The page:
John Tyler, Kauffman general counsel, says that foundations are well-positioned to talk with policymakers about their experiences with what works or doesn't work in their program areas. Tyler and his co-author further suggest that more foundations need to engage with elected officials to help them better understand the implications of new laws and regulations. That influence can lead to better policies for philanthropy generally and for the missions served.
Read an excerpt of the piece below.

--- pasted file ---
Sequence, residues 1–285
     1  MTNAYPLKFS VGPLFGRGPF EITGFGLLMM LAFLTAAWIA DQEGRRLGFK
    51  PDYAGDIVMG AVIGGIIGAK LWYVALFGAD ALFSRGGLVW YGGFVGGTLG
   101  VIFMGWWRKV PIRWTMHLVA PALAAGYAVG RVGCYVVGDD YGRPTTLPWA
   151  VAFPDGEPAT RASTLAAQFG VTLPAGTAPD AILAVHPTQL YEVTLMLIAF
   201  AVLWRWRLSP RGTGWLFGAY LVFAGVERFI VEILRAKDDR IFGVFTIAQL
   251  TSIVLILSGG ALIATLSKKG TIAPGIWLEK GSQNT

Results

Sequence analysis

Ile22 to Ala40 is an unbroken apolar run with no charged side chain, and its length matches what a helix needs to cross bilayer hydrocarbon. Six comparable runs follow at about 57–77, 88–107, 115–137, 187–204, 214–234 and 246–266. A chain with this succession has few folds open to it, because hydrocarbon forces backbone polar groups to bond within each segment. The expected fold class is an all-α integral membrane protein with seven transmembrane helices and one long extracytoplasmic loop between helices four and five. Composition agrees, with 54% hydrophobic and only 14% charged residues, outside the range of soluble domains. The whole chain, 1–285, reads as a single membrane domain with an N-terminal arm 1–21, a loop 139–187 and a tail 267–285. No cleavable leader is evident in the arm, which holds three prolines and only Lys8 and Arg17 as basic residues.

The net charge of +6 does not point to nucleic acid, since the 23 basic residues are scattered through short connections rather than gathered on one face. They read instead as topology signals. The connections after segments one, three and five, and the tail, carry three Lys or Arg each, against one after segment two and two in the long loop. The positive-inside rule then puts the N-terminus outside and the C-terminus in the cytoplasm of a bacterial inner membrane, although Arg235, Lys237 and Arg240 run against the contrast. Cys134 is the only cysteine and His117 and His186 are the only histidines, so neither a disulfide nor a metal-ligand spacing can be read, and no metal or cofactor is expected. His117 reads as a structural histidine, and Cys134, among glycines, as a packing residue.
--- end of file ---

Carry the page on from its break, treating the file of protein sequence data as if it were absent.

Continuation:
Lawmakers Must Understand Philanthropy to Make Better Policy Choices
There's an old saying in politics: "If you're not at the table, you're on the menu."
As policy makers in D.C. and elsewhere debate public-policy changes that directly affect philanthropy, this idiom will become reality unless more foundations recognize their place in enhancing understanding of what philanthropy does and the constructive impact it has.
The issues on the menu are broad-ranging and varied, including changes to the private- foundation excise tax, the charitable deduction, and possibly new rules for donor-advised funds.
What's more, Congress might debate whether the definition of what qualifies as "charitable" should be narrowed and whether we need new regulations on nonprofit governance and what constitutes wise decision making.
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